IEEE Spectrum: What are the two new programs you’ll be revealing at the ERI Summit?
Chappell: One is called 3D SoC. It’s looking at a system-on-chip and asking: What can you do with older manufacturing nodes (like 90 nanometers) to make them competitive with 5-nm or 7-nm design?
We did a series of seedling projects at different universities to show that if you can truly mix dense memory and logic in a monolithic 3D stack, for many applications it would be better in absolute terms than a 7-nm processor design sitting next to a memory block. [Monolithic 3D chips have two or more layers of transistors built on the same piece of silicon.] But it’s ultimately very hard because if you’re going to do the monolithic 3D, then your processing needs to be fully compatible, including low-temperature deposition of materials on top of the silicon base. [For an extreme example, see "3D Electronic Nose Demonstrates Advantages of Carbon Nanotubes".]
IEEE Spectrum: Would reviving older, trusted fabs or keeping them going longer by using this 3D stacking provide the Defense Department some security against potential foreign hardware trojans and hidden back doors?
Chappell: It does. There are many smaller facilities across our country that if you could do 3D monolithic stacking, they could contribute high-quality electronics.
IEEE Spectrum: What’s the last program you’ll be introducing?
Chappell: The last one is Franc [Framework for Novel Computing], and it looks at new materials for processing-in-memory. We look at where memory is stored and ask: Can those same materials be used for processing information?
What you’d like to do is to be able to explore a variety of different materials and use some of their eccentricities to map to the problems that you’re trying to solve. In the past, we’ve been able to show deep neural nets that use nonvolatile memory as part of the computation in both storing weights and doing the summing of, for example, a dot product. That can be more efficient than just using the memory to store information and then having to transfer it all the way back to the processor.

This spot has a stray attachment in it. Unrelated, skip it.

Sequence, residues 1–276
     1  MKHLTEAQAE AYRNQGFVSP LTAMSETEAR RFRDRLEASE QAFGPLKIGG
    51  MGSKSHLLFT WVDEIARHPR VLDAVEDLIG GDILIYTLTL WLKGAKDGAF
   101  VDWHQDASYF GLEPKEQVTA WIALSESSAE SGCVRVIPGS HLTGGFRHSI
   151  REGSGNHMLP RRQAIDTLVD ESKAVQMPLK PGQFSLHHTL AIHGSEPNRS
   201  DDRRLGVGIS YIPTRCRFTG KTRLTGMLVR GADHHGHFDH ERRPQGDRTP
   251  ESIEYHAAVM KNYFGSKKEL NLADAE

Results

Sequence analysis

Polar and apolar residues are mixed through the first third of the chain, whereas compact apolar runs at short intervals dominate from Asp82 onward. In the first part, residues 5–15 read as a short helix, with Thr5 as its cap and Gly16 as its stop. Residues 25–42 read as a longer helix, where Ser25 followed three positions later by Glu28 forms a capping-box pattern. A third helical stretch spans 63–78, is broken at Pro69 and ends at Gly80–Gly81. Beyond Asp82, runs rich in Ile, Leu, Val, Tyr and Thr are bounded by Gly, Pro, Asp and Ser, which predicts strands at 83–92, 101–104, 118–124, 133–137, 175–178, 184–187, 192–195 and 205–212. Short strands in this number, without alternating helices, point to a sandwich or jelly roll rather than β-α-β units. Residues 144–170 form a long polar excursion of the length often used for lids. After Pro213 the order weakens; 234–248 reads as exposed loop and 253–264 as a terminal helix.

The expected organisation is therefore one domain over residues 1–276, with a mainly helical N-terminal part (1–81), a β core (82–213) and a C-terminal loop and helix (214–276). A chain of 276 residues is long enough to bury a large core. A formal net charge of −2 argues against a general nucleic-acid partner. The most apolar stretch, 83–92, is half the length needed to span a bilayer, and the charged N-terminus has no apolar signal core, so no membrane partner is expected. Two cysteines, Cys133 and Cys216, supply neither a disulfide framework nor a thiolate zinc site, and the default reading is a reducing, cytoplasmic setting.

Chappell: Most of those cases are looking to use today’s existing technology. Franc would be new devices that would amplify that type of capability. Next-generation nonvolatile memory, for example, that switches very fast and with a low write energy.
IEEE Spectrum: Can you give us an example or three?
Chappell: That should be announced at the Summit, so I think I’m going to hold off on that one. There’s one big bet we’re making that will be announced once it’s on contract. And we’ll make lots of smaller bets at universities.
IEEE Spectrum: Taken together, this stuff sounds like it could lead to a huge change not just in the electronics industry, but in the engineering profession. Was that a goal?
Chappell: A goal is to alter the electronics industry and shape it in a way that works best for our country including the Department of Defense, and you do that by working hand in hand with industry, not around industry.
We’ve had a really long collaboration working with our mainstream industry partners. Way back with the FCRP program, 25 years or more, we’ve done foundational investments in universities across the country. We’ve just announced the Jump program, which is our next round of collaborative funding with industry. It sponsors more than 380 students across the country today, and we plan to host more than 500 students throughout the program’s lifetime. It’s a $200 million program basically on human resource development and idea generation in the basics of electronics.
So, we have a history of collaboration in the electronics space that is actually quite unique in my opinion. It’s not a given that government and industry partners collaborate at that level. This takes it one step further. It will hopefully impact everybody in the electronics field, specifically by making it a much more vibrant and dynamic industry.